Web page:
George W. Gore Jr. ’23 laid claim to a few DePauw firsts. He was a member of DePauw’s first class of Rector Scholars and the scholarship’s first Black graduate.
But those are the least of his contributions to history.
Gore arrived at DePauw in 1919 by way of Tennessee, which disqualified him from receiving a Rector Scholarship as an incoming student. Instead, Gore earned the scholarship the same way early Rector women did: by outperforming the recipients.
“And that,” he told classmates during a 50th reunion address, “made it possible for me to return to DePauw and complete the last three years."
Gore went on to earn a master’s degree from Harvard University and a Ph.D. from Columbia University before joining the journalism faculty at Tennessee State University. He served there as dean until 1950, when he became president of Florida A&M College, now Florida A&M University (FAMU).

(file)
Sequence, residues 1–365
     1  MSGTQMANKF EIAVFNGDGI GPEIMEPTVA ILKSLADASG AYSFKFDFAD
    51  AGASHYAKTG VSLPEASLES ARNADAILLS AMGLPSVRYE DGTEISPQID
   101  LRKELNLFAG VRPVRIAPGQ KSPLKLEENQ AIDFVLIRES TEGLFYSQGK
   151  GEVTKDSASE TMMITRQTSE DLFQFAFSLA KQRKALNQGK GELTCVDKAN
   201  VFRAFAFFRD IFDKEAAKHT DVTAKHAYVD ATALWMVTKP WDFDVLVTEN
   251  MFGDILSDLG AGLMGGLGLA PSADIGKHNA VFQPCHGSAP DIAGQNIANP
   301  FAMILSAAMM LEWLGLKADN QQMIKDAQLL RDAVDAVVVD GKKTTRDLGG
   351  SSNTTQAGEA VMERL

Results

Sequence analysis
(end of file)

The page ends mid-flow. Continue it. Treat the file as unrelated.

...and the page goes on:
At FAMU, Gore walked a political tightrope as he balanced the moral and financial needs of a Black institution during the civil rights era. A growing contingent in the Florida Capitol wanted to merge FAMU into Florida State University. And back on campus, Gore frustrated many by withholding open support for their activism.
But FAMU never merged with Florida State. Instead, it rose to university status and further expanded its academic prestige. And in spite of Gore's caution, FAMU's students and faculty became leaders in Tallahassee’s civil rights movement.
In 1968, following the assassination of Dr. Martin Luther King Jr., student protests took hold at FAMU. Sensing it was time for a new method of leadership, Gore resigned.
George W. Gore Jr. passed away in 1982. He is buried with his wife, Pearl Winrow, in his native Nashville. His legacy lives on in physical form at DePauw’s Gore House and at FAMU’s Gore Education Complex.
(Photos: State Archives of Florida)